What is a Promissory Note?


11:38 AM

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The Karnataka High Court has held that a mention in promissory note, that the payer is at liberty to proceed against the note creator's property if he fails to repay, is an additional condition that does not contravene Section 4 of the Negotiable Instruments Act.

About Promissory Note

  • A promissory note is a written and signed promise to repay a sum of money in exchange for a loan or other financing. 
  • Promissory notes are binding legal documents used to protect both the lender and the borrower.
  • It is issued by the debtor and states that he will pay the requisite amount within a certain time frame.
  • The person making the promise is called the ‘maker,’ and the person to whom the payment is to be made is called the ‘payee.’ 
  • It typically contains all the terms involved, such as the principal debt amount, interest rate, maturity date, payment schedule, the date and place of issuance, and the issuer's signature.
  • Promissory notes can also be divided into secured and unsecured notes.
    • In the case of a secured promissory note, the borrower must provide collateral to the lender to secure the amount.
    • Unsecured notes do not require collateral and are issued based on trust. Unsecured notes are very common among friends and family.
  • Promissory notes in India:
    • In India, a promissory note can be issued under Section 4 of the Negotiable Instruments Act, 1881, therefore making it a legal instrument and binding the parties by law.
    • Promissory Notes issued in one Indian state, can be presented in another state provided that the note bears a valid stamp. There is no requirement for additional stamp duty to be paid.
    • A Promissory Note must always be written by hand.
    • It must include all the mandatory elements, such as the legal names of the payee and maker's name, amount being loaned/to be repaid, the full terms of the agreement, and the full amount of liability, beside other elements.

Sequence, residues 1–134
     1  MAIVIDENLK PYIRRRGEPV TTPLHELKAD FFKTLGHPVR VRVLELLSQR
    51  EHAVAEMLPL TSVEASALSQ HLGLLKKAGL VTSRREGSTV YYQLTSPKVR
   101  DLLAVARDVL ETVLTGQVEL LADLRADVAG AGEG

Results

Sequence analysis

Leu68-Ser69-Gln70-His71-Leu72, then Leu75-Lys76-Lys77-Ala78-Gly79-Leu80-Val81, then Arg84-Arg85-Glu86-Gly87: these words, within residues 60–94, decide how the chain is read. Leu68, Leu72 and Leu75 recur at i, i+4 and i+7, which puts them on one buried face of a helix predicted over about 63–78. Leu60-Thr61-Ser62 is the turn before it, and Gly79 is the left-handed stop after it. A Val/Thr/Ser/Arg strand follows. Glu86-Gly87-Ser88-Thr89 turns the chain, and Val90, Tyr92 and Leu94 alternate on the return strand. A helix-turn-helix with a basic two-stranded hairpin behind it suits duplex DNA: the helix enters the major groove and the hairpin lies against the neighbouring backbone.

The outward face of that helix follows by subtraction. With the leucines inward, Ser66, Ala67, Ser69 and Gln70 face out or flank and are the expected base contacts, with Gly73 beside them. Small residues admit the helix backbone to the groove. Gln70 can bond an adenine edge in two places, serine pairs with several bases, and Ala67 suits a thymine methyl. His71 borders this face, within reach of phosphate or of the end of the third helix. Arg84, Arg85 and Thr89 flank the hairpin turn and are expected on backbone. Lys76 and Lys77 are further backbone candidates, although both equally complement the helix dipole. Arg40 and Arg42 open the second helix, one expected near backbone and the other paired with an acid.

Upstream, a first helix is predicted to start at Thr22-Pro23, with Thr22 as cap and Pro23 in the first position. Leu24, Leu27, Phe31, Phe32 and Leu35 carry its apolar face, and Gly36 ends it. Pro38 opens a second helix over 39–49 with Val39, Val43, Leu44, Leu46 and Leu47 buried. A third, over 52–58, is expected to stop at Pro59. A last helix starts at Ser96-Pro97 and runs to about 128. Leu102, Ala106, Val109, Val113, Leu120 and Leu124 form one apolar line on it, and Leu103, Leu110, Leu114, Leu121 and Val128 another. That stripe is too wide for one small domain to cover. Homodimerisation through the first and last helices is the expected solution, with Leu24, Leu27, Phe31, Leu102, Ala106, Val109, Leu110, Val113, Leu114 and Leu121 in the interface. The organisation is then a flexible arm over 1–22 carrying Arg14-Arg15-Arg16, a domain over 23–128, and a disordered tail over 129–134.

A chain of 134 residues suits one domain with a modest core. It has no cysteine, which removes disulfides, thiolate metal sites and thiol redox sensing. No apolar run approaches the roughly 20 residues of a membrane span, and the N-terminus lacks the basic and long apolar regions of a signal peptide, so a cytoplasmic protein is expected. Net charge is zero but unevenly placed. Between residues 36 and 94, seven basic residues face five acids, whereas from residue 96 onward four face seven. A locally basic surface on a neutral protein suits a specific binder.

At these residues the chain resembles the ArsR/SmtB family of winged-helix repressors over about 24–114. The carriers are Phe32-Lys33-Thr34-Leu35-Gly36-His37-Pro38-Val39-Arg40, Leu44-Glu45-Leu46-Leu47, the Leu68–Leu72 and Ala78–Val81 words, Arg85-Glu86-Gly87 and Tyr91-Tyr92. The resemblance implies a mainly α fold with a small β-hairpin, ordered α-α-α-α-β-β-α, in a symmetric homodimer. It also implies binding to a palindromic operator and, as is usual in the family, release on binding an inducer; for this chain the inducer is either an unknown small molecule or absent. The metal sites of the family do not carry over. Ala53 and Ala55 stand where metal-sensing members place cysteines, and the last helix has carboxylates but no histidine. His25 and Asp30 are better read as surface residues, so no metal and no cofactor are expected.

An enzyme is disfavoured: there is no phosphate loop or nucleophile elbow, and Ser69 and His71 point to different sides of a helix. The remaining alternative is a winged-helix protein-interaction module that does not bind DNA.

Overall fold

• The note must clearly mention only the promise of making the repayment and no other conditions.
    • After issuance, a Promissory Note must be stamped according to the regulations of the Indian Stamp Act. It can also be issued on a stamp paper in case revenue stamps are unavailable.
    • All Promissory Notes are valid only for a period of 3 years starting from the date of execution, after which they will be invalid.
    • There is no maximum limit in terms of the amount which can be lent or borrowed.
    • The issuer/lender of the funds is normally the one who will hold the Promissory Note. When the loan amount has been disbursed or repaid fully, the Promissory Note must be cancelled and marked "Paid in Full", after which it can be returned to the borrower / payee.
    • While the signature of a witness is not a mandatory requirement, it is advisable to have a note signed by a witness who is independent of the transaction.

Key Facts about Negotiable Instruments Act, 1881

  • The Act was enacted to provide a uniform legal framework for the use of negotiable instruments in India.
  • It governs the use of negotiable instruments in India.
  • It provides for the regulation of promissory notes, bills of exchange, and cheques. 

Q1) What is a bill of exchange?

A bill of exchange is a written order binding one party to pay a fixed sum of money to another party on demand or at some point in the future. A bill of exchange often includes three parties—the drawee is the party that pays the sum, the payee receives that sum, and the drawer is the one that obliges the drawee to pay the payee.

Source: NI Act | Promissory Note Conferring On Payer A Right To Recover As Per Law Does Not Dilute Unconditional Undertaking: Karnataka HC